My wife used to work for an arts non-profit that had an annual event at Lincoln Center. A board member brought in actors, musicians, writers, artists who would read poems. I volunteered as support staff every year, which was cool because I got to meet some of my heroes, wander around backstage at Alice Tully Hall, and drink for free at the reception.
Towards the end of one evening I was talking to the event photographer about his job. I was getting into photography at the time and had a lot of questions about process. Shooting in low light, without a flash, is difficult for any photographer. And I knew from seeing his photos from past years that he was both really good at being discrete about using a flash and also able to take super clean shots without the flash in low light.
I asked the photographer about taking pictures in natural light, when the light is low, and you don’t have a tripod and you don’t want to use a flash. Or you can’t. How do you get a picture that isn’t a warm, blurry, under-exposed mess?
His advice was: Buy a light meter, which I still have not done. Take a lot of pictures, which was like okay. And the other bit of advice, which has stuck with me is: Hold your breath.
If you’re about to take a shot and you’re worried about it being blurry or that the lighting is going to suck—stop, find some stillness inside your body, hold your breath, and take the shot.
A few evenings ago I wanted to take a picture of the Mandalorian and Baby Yoda in a canoe. I thought it would look cute and I could slap it up on Instagram and grab some dopamine-generating likes.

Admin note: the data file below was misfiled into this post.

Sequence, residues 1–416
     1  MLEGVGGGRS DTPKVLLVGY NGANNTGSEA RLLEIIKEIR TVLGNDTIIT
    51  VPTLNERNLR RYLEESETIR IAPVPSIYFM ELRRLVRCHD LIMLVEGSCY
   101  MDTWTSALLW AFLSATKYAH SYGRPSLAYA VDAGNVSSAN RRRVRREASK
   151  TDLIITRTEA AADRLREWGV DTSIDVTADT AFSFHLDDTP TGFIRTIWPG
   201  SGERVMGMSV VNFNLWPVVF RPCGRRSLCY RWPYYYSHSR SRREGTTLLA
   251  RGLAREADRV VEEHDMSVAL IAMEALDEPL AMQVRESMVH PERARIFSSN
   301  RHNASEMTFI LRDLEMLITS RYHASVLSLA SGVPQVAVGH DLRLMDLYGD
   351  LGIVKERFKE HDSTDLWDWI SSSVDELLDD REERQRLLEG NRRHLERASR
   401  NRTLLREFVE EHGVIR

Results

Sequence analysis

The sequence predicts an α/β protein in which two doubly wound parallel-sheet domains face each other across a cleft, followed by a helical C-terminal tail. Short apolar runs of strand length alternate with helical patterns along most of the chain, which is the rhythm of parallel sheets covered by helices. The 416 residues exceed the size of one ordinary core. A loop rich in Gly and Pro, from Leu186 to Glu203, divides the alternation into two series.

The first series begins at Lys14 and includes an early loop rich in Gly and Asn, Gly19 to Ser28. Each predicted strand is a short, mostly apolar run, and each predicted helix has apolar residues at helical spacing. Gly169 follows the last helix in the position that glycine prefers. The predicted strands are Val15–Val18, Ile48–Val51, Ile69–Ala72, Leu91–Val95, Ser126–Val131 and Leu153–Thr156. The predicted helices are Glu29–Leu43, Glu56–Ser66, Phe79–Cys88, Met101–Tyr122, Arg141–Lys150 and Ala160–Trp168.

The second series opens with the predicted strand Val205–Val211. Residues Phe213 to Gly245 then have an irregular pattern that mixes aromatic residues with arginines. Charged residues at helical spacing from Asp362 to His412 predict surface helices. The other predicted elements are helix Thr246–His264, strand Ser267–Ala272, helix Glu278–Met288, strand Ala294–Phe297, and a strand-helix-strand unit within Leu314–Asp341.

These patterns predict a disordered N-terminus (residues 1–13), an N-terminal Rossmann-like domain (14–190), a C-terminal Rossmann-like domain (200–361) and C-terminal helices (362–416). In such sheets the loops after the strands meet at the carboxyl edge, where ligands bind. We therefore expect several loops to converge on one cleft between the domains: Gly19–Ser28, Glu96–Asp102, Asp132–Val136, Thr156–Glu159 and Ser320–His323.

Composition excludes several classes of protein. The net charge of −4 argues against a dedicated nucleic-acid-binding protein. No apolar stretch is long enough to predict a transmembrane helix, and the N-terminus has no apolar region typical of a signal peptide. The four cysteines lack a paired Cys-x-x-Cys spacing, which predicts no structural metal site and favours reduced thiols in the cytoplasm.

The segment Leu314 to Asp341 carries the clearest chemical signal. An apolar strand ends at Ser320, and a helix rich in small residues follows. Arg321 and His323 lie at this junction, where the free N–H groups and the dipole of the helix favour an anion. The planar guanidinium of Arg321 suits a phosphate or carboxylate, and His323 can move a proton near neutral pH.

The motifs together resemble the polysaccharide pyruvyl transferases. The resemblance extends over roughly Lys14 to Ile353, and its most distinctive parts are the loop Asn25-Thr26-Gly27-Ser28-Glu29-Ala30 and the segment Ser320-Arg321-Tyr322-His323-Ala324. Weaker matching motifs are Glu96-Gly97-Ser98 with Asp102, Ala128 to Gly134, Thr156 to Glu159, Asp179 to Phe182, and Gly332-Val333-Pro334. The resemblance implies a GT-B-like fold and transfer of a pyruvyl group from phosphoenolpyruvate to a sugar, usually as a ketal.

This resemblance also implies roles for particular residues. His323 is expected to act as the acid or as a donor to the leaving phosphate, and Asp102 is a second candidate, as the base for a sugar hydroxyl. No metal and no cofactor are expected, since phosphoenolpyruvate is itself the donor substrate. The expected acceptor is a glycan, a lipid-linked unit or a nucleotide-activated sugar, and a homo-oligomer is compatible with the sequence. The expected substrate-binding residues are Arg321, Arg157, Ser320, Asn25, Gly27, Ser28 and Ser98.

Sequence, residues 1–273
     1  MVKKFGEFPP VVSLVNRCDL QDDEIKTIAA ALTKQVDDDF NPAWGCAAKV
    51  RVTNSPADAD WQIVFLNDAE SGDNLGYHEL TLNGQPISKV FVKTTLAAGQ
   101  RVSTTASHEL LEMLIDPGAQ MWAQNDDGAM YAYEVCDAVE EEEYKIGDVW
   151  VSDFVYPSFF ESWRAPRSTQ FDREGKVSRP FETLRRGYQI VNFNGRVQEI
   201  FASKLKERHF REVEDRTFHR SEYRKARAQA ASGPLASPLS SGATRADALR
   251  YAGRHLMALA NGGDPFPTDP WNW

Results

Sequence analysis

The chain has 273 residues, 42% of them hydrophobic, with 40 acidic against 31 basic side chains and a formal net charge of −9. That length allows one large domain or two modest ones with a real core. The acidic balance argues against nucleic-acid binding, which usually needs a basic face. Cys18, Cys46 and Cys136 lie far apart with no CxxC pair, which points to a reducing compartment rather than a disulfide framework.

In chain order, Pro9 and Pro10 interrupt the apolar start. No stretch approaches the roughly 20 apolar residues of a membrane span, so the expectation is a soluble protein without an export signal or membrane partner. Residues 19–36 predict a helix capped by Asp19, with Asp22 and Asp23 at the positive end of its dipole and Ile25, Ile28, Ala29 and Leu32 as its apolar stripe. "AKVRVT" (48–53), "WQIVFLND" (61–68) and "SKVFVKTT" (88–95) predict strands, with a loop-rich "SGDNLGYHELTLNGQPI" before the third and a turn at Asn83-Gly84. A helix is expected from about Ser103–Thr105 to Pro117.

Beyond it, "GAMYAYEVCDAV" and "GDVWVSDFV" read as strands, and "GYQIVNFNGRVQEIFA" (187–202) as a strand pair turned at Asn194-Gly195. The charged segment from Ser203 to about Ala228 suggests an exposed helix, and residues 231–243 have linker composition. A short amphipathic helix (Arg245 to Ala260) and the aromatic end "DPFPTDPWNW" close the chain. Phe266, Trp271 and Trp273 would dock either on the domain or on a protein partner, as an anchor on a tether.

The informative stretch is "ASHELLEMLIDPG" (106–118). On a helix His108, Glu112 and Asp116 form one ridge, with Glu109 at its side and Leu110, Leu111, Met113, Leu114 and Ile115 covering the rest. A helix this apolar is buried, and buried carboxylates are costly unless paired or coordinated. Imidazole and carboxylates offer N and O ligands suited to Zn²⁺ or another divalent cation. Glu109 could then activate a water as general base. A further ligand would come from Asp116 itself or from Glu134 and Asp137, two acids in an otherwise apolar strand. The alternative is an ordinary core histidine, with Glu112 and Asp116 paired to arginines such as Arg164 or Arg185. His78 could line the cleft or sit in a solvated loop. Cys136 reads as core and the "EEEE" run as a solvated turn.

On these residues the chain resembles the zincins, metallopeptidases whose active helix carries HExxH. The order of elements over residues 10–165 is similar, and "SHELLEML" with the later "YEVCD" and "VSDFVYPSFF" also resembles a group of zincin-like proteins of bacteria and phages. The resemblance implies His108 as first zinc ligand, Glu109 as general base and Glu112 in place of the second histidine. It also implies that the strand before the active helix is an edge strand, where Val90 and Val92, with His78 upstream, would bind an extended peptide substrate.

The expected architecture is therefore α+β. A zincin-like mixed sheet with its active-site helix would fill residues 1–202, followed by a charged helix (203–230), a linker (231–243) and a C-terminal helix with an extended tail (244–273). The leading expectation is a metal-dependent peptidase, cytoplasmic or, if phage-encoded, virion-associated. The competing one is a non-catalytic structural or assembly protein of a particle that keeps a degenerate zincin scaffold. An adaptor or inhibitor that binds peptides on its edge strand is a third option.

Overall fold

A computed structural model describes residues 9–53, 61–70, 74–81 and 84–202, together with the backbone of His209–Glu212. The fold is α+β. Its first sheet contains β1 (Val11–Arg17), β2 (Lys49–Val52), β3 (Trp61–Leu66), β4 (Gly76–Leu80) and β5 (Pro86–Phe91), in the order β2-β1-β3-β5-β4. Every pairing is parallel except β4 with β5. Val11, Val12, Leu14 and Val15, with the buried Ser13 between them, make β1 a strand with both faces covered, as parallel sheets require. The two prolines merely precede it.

As the world has been crumbling apart, I haven’t done much photography. These aren’t really the kind of times where I can spend an afternoon taking pictures of toys outside—life and kids and making money and all that. When I do work on a photo, I try to work fast. Keep the idea simple. Run through it quick. Avoid the neighbors. With the canoe and the Baby Yoda, I was working against losing the light, using a tripod wasn’t doing it, and the endeavor had begun to feel stupid. Like, really, really stupid.
And that feeling is what kills creativity. It’s awful. You’re doing a thing that seems rad and then you look down at yourself when the project is still raw and an inner critic arrives to tear you down when you’re at your most vulnerable.
So I was fed up and about to pack it in when I remembered the tip about holding your breath.
The canoe listed about the baking pan filled with water under an oak tree in my backyard, and I held my breath and tried for the shot I wanted.
As I focused on it, the composition began to get better. I realized I could get a good reflection of Baby Yoda in the water. That I could capture some nice color tones and bokeh. That I could get close to what I saw in my head.
I had to remember how to breathe to make this one work.
Embrace the absurdity.